The earthquake comes and it says the doors were opened and the foundations of the prison shook, and it was open for all of them to go out.  The jailor comes, the jailor who had been charged with the responsibility of keeping of these men safely, and it says, “And having asked for lights, he rushed in, and, trembling, fell down before Paul and Silas.  And leading them out said, Sirs, what must I do that I may be saved?”  This is asked by a sinner.  It is asked by a man who becomes conscious of his own state of soul.  It is as if God asked him, “Where art thou?”  Ah, we do not know how God had spoken to him.  He must have thought to himself, ‘These prisoners are very different to every other prisoner I have ever had’.  He must have been thinking about that.  We do not know how God had spoken to him, how He had prepared him for this, but this question is asked by a man who is a sinner, and I would urge you, dear friend, to think about this question too because each one of us in our natural state and away from God are sinners.  This is a question which is very, very pertinent to every one of us, “what must I do that I may be saved?”  Why did this man ask?  Because he recognised his need; he could see it.  He wanted a share, something of the joy and life that he saw in Paul and Silas.  There was something there in these men which he had never seen before, something that he wanted a part of.  As you see someone who has their faith and trust in Jesus, what do you see?  You see somebody who has peace, somebody who has joy.  Maybe you know what it is like to have it in your own heart.  I wonder what others see when they see you.  Do they see something like this jailor saw in Paul and Silas?  If you were unjustly treated and taken and put alongside other men and locked up, would they see in you something that was seen in these men, Paul and Silas?  Would it be such that others in that prison would say to you, “what must I do that I may be saved?”  What a testimony there is here to the Lord Jesus and to His work in these two men!  He asks because he too wants to share what it is like to be a forgiven sinner.  I trust, dear friend, that you would like also to know what it is to be a forgiven sinner.  I hope every one of us would have been able to give the answer, from experience, “Believe on the Lord Jesus and thou shalt be saved, thou and thy house”.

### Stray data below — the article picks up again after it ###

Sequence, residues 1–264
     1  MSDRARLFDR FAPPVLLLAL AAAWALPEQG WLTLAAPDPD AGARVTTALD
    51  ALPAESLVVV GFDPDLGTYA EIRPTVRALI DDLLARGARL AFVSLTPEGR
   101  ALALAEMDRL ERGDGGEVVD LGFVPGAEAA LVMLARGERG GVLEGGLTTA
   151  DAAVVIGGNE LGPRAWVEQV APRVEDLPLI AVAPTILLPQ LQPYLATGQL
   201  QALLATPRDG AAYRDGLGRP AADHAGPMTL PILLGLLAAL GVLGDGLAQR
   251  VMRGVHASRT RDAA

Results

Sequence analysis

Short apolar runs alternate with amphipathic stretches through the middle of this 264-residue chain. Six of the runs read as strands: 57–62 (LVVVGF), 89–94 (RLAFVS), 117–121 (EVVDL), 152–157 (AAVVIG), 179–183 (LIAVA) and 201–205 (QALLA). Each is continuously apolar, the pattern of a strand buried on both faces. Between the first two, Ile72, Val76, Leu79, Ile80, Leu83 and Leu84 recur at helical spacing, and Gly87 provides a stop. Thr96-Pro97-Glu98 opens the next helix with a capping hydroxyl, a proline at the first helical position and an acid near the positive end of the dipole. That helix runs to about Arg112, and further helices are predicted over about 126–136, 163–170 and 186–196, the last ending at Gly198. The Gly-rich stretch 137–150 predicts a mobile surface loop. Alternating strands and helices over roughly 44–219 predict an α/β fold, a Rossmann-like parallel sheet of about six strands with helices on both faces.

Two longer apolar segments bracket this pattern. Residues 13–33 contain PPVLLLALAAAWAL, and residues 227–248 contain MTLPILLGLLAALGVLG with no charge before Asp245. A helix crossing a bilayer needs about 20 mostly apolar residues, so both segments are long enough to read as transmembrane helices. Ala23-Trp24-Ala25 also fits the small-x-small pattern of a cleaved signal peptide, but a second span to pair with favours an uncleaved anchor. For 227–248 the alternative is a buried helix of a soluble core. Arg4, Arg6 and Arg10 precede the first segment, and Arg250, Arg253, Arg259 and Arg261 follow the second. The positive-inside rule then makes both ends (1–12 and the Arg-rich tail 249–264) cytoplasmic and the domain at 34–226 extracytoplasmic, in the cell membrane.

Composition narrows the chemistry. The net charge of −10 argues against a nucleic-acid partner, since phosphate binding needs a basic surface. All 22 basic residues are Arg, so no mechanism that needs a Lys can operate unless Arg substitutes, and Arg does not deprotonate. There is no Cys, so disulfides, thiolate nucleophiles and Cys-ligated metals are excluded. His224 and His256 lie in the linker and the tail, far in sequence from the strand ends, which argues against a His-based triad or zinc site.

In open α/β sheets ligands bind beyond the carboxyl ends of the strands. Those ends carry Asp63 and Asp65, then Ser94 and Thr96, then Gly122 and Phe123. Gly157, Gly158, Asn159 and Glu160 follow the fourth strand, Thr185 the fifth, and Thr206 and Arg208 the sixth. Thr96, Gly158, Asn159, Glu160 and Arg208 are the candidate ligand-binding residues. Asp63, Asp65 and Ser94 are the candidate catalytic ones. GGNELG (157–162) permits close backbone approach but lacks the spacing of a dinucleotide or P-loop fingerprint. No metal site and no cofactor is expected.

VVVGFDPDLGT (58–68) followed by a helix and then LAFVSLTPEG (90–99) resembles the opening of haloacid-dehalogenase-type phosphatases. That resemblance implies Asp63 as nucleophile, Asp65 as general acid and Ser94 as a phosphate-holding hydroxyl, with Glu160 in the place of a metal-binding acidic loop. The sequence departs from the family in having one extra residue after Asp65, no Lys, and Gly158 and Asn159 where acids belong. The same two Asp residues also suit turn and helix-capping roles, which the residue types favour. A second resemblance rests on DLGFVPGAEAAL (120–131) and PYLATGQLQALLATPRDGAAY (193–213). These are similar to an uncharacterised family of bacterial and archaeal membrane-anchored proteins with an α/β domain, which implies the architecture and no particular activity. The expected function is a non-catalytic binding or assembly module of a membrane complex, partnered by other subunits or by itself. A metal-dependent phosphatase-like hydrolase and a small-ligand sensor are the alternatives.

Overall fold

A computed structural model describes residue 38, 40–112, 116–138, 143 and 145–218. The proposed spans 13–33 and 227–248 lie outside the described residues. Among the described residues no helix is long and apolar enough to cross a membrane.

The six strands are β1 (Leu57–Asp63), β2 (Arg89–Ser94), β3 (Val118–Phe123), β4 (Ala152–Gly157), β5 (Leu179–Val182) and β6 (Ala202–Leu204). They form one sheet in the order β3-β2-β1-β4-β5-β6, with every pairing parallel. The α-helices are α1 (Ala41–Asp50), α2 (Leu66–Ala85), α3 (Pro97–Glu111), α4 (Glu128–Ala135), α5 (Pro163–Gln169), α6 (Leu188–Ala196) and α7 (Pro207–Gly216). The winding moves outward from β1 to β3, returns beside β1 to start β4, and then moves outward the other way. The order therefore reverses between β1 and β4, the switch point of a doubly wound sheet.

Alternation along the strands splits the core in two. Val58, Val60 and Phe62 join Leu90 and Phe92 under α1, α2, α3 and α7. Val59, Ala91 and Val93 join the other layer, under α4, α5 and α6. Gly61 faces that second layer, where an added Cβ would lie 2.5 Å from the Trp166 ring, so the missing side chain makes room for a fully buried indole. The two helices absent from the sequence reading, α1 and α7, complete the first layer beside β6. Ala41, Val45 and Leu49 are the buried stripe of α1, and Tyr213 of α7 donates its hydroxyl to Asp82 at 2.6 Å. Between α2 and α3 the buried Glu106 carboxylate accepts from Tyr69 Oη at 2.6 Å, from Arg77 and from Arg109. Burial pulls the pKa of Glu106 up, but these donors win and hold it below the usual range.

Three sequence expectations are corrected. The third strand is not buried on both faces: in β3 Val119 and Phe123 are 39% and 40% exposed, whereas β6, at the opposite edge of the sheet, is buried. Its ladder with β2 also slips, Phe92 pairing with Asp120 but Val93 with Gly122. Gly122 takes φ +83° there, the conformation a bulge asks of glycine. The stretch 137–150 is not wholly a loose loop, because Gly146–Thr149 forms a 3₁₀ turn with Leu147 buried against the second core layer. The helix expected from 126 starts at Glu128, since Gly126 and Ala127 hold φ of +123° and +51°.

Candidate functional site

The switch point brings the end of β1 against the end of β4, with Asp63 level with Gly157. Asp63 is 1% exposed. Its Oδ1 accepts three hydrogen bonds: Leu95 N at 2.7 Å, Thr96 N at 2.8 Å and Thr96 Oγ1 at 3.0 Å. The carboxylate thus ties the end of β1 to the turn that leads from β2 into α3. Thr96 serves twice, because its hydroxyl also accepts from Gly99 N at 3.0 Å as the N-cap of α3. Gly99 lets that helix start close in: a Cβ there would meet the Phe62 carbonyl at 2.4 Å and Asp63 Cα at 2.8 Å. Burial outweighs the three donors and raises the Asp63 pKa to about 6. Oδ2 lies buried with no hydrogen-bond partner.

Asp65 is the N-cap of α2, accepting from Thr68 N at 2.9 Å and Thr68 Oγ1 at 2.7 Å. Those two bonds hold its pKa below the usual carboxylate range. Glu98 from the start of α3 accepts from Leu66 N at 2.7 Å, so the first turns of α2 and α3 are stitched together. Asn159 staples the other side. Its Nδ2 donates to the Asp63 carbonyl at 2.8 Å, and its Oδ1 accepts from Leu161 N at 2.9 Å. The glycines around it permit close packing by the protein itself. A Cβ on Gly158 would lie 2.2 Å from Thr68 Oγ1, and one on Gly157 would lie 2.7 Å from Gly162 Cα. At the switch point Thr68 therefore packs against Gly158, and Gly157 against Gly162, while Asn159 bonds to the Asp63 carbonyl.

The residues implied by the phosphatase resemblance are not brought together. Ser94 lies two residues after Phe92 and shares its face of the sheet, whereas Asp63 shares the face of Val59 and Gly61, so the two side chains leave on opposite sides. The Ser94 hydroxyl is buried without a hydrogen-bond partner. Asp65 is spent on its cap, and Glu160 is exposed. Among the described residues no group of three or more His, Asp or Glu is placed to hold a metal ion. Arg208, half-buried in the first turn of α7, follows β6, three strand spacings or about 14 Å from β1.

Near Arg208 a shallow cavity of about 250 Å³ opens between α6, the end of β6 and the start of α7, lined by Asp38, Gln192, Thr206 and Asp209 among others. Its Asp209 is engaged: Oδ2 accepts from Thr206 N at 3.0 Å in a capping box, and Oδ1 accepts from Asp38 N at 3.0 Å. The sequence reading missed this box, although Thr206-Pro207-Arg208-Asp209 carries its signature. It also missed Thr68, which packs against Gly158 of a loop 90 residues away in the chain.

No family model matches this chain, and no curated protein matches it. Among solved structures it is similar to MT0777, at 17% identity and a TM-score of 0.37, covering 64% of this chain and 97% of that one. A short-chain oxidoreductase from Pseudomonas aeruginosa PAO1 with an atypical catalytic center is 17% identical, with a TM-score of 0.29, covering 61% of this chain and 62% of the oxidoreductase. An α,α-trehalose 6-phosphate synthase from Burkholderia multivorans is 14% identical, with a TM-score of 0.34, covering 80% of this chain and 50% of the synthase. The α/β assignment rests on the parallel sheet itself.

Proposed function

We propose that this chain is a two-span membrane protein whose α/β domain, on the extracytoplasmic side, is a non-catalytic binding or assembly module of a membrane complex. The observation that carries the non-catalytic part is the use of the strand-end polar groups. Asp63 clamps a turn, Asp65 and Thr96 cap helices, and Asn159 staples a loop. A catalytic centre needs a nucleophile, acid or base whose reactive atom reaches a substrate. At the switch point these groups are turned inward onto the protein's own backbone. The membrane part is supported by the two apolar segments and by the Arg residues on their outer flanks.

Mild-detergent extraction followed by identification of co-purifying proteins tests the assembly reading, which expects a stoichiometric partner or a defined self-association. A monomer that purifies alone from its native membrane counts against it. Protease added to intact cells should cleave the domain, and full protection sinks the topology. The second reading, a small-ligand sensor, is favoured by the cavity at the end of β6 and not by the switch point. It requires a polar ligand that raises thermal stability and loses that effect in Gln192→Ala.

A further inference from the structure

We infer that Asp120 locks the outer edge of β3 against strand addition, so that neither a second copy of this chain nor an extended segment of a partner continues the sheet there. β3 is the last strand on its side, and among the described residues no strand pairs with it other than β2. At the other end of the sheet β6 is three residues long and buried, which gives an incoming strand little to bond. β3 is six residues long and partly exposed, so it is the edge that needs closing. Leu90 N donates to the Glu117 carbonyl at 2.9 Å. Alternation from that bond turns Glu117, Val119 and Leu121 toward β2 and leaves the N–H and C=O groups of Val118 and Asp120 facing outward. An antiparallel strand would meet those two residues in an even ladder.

Now we know that that does not mean that just because the jailor believed all his house would be saved, but it is for the jailor to believe and all his house to believe individually and then they would all be saved.  That applies today.  It is not sufficient just that mother and father believe.  You need to believe yourself.  Now, you may say, it is not that I do not believe.  This is worth again a lot of contemplation, what is meant by “believe on the Lord Jesus”?  There is more to this, dear friend, than simply saying, ‘Yes, I believe that Jesus was here and He suffered for me’.  There is again the rest of your life’s contemplation worth thinking about believing, believing on.  It is just not ‘Believe’, it is “Believe on”.  I think we need to take on the gospel, take it on.  One has said that we need to search it out, and these things are worth searching about, search into the glad tidings, search into the Lord Jesus, “What sort of man is this?”  Think about Him, search after salvation and see how much there is in “believe on the Lord Jesus”.  Make it your own and nurture it, and you will find as you believe on the Lord Jesus that everything He has done becomes important to you, and every aspect of it is vital to your salvation because this is the Man who has given His life for you, taken up that perfect, holy life, laid it down upon the cross when He was made sin for you and for me, the Just for the unjust.  It has only happened once.  It only needed to happen once.  Scripture says, “even as by one man sin entered into the world, and by sin death … so also by the obedience of the one the many will be constituted righteous”, Rom 5: 12,19.  The Lord Jesus having taken your case and my case upon Himself, having been made sin for you and for me, has borne God’s judgment - God’s wrath upon all that we have done - that you and I should go free.  Well may we ask the question: “What sort of man is this?” ’The mighty God, a Man become’ to take up your case and mine in love that you and I should go free.